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Barnett v. White

Court of Appeals of Kentucky

June 28, 2019

JOHN BARNETT APPELLANT
v.
BRITTANY WHITE APPELLEE

          APPEAL FROM MONROE CIRCUIT COURT HONORABLE DAVID L. WILLIAMS, JUDGE ACTION NO. 14-CI-00114

          BRIEF FOR APPELLANT: MAUREEN SULLIVAN LOUISVILLE, KENTUCKY

          BRIEF FOR APPELLEE: KEVIN C. BURKE JAMIE K. NEAL LOUISVILLE, KENTUCKY WESLEY W. STEPHENS TOMPKINSVILLE, KENTUCKY

          BEFORE COMBS, NICKELL AND K. THOMPSON, JUDGES.

          OPINION

          THOMPSON, K., JUDGE.

         John Barnett appeals from the Monroe Circuit Court's custody decree, which denied him a 50/50 timesharing split with his child on the basis that he and the child's mother had difficulty cooperating. As the circuit court properly acted within its discretion in determining the best interest of the child, we affirm.

         Brittany White and John Barnett were cohabitating when their daughter, E.B., (child) was born in December 2013. Five weeks after child's birth, Brittany moved out with child. After paternity was established in a Monroe District Court action in May 2014, John began having visitation with child and paying child support.[1]

         In September 2014, approximately nine months after child's birth, John filed a petition in circuit court seeking joint custody and equal timesharing. He also requested temporary visitation.

         Brittany opposed the motion, stating it was in child's best interest that Brittany be granted sole custody of child, be named the primary residential custodian of child and John's visitation be suspended until he could prove himself to be a proper caregiver. She requested that John be required to undergo extensive parental training.

         In October 2014, an agreed order on visitation was entered granting John one day of visitation every other weekend for eight hours, to be supervised by John's mother.

         In May 2015, the domestic relations commissioner (DRC) recommended that Brittany and John be awarded joint custody with Brittany being named as primary residential custodian and John having timesharing according to the model timesharing guidelines for the 40th Judicial Circuit (model guidelines), with child support to continue as ordered in the paternity action.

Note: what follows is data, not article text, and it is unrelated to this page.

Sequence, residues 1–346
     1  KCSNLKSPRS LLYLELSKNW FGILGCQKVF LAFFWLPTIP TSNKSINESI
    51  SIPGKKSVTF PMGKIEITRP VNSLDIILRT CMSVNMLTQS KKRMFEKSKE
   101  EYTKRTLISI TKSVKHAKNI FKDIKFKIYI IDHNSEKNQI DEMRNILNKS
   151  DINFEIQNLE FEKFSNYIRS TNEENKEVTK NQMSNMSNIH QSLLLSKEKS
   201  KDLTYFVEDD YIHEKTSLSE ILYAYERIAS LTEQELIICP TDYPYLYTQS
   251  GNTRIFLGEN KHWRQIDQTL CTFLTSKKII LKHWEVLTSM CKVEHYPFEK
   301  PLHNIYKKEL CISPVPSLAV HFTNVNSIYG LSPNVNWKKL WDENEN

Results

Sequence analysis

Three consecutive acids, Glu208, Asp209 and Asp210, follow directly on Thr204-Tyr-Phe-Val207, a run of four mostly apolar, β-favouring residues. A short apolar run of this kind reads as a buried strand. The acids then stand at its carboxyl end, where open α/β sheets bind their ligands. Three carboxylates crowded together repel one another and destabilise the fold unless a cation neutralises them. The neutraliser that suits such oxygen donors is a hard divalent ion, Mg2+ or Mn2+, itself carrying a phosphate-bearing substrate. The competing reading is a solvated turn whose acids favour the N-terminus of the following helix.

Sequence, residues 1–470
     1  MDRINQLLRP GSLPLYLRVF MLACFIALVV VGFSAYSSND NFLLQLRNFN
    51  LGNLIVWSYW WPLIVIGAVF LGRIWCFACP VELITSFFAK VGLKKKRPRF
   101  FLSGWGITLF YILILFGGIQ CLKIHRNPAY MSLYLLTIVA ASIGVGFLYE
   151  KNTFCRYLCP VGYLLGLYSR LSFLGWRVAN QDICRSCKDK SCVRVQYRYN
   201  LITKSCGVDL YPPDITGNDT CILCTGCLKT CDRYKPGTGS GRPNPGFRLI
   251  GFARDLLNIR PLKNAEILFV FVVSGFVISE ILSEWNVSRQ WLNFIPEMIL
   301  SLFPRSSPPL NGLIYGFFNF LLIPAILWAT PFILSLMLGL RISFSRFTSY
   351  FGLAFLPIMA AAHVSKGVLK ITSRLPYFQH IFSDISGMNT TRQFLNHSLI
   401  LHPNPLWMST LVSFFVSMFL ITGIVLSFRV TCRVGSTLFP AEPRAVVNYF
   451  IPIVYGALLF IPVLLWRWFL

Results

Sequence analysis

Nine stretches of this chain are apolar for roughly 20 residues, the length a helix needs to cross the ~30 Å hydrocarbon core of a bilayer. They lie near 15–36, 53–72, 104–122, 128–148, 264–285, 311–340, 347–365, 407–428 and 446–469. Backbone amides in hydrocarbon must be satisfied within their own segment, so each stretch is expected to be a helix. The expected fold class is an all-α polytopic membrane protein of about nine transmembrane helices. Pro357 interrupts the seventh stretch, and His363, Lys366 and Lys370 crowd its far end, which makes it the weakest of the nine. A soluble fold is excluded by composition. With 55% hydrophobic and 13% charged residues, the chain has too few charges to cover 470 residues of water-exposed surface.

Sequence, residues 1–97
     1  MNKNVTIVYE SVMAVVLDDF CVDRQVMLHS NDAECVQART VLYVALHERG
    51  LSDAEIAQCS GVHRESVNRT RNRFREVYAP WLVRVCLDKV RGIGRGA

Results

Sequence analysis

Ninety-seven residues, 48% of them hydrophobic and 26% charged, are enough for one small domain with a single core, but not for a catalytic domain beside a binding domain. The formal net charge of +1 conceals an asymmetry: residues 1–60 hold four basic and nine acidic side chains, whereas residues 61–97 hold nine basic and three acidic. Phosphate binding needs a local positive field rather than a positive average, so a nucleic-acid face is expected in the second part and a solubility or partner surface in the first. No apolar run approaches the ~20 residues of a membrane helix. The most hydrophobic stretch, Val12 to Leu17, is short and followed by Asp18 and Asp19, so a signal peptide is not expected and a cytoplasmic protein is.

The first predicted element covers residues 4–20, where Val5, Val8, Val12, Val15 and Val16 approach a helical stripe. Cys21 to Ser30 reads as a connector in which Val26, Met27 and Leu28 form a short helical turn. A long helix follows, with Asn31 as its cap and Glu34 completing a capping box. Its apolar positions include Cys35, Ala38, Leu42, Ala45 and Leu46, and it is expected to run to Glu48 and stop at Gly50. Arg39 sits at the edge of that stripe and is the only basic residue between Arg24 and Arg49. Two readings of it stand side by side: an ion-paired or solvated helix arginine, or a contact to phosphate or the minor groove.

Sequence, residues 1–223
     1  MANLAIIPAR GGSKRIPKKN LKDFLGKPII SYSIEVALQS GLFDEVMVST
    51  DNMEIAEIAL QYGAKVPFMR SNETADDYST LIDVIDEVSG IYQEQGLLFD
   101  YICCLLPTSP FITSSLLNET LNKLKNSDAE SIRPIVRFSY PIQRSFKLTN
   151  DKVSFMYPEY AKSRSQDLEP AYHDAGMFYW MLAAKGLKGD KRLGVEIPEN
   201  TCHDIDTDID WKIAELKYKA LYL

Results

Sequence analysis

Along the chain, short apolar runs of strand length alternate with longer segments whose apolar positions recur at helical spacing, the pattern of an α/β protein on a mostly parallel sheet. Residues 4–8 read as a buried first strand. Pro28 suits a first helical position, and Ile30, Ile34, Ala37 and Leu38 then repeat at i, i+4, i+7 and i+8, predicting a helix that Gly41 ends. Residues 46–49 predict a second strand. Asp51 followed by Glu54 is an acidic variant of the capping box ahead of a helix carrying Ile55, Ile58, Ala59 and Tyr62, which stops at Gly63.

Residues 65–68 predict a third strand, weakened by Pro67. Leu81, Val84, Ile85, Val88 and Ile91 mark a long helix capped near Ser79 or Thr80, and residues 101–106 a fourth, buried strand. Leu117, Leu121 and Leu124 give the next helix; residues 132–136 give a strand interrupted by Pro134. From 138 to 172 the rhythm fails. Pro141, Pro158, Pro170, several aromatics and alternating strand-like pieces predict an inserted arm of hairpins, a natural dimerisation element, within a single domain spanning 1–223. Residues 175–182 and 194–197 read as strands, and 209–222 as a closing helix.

Brittany filed exceptions to the DRC's report and recommendation, arguing John should not be granted joint custody because he had "exhibited extreme behavior that makes it impossible for the parties to work together in the best interests of child" resulting in "numerous hearings on mundane items" based on "the acrimonious relationship that is the result of [John's] bullying and intimidating tactics" and he should not be granted overnight visits of 48 hours given that he had not had overnight visits before. John urged adoption of the DRC's recommendations.

         In June 2015, an agreed order was entered for a temporary adoption of the DRC's recommendations with the caveat that "[a]ll [of] John's overnight visits are to take place in the home of [his] parents," and the case would be reviewed later to determine whether it should be made a permanent custody and timesharing order. In October 2015, an agreed order was entered modifying holiday timesharing.

         In February 2016, Brittany filed a motion for contempt, arguing John was harassing her by calling and texting requested changes to visitation, being late to return child, not showing up for an exchange, demanding the exchange of the child despite unsafe winter conditions and then coming to her home and blowing his horn and calling her. John denied most of the allegations, arguing he wished to spend time with child when Brittany was working and asserted there were no hazardous road conditions preventing visitation. The circuit court determined neither ...


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